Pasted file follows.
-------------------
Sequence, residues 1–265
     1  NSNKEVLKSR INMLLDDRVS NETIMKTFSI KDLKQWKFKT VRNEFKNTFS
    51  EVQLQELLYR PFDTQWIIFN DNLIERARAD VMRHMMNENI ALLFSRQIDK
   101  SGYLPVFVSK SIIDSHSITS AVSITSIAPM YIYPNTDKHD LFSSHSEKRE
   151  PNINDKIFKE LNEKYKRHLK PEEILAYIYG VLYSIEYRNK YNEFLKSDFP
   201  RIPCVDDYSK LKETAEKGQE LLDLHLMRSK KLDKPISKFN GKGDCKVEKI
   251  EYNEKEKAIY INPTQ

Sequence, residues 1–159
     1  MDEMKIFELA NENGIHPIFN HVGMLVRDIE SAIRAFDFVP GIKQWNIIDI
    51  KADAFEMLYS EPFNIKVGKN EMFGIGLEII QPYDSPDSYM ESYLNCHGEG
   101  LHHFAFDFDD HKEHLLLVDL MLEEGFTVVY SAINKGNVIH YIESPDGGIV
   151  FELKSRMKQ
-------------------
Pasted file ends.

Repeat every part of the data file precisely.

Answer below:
Sequence, residues 1–265
     1  NSNKEVLKSR INMLLDDRVS NETIMKTFSI KDLKQWKFKT VRNEFKNTFS
    51  EVQLQELLYR PFDTQWIIFN DNLIERARAD VMRHMMNENI ALLFSRQIDK
   101  SGYLPVFVSK SIIDSHSITS AVSITSIAPM YIYPNTDKHD LFSSHSEKRE
   151  PNINDKIFKE LNEKYKRHLK PEEILAYIYG VLYSIEYRNK YNEFLKSDFP
   201  RIPCVDDYSK LKETAEKGQE LLDLHLMRSK KLDKPISKFN GKGDCKVEKI
   251  EYNEKEKAIY INPTQ

Sequence, residues 1–159
     1  MDEMKIFELA NENGIHPIFN HVGMLVRDIE SAIRAFDFVP GIKQWNIIDI
    51  KADAFEMLYS EPFNIKVGKN EMFGIGLEII QPYDSPDSYM ESYLNCHGEG
   101  LHHFAFDFDD HKEHLLLVDL MLEEGFTVVY SAINKGNVIH YIESPDGGIV
   151  FELKSRMKQ